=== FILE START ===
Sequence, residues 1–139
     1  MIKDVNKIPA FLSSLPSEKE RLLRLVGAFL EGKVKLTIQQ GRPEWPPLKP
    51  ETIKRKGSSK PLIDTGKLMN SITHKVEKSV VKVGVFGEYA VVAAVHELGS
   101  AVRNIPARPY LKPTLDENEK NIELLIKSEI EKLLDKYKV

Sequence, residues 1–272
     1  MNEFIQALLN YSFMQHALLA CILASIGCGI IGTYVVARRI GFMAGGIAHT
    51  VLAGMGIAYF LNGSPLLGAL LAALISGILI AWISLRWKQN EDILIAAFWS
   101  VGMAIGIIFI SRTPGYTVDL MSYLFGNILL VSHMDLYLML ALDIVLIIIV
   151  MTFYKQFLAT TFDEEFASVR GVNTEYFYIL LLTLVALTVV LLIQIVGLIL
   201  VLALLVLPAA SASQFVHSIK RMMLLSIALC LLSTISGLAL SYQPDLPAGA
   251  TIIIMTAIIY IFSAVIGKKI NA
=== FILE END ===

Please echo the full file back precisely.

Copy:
Sequence, residues 1–139
     1  MIKDVNKIPA FLSSLPSEKE RLLRLVGAFL EGKVKLTIQQ GRPEWPPLKP
    51  ETIKRKGSSK PLIDTGKLMN SITHKVEKSV VKVGVFGEYA VVAAVHELGS
   101  AVRNIPARPY LKPTLDENEK NIELLIKSEI EKLLDKYKV

Sequence, residues 1–272
     1  MNEFIQALLN YSFMQHALLA CILASIGCGI IGTYVVARRI GFMAGGIAHT
    51  VLAGMGIAYF LNGSPLLGAL LAALISGILI AWISLRWKQN EDILIAAFWS
   101  VGMAIGIIFI SRTPGYTVDL MSYLFGNILL VSHMDLYLML ALDIVLIIIV
   151  MTFYKQFLAT TFDEEFASVR GVNTEYFYIL LLTLVALTVV LLIQIVGLIL
   201  VLALLVLPAA SASQFVHSIK RMMLLSIALC LLSTISGLAL SYQPDLPAGA
   251  TIIIMTAIIY IFSAVIGKKI NA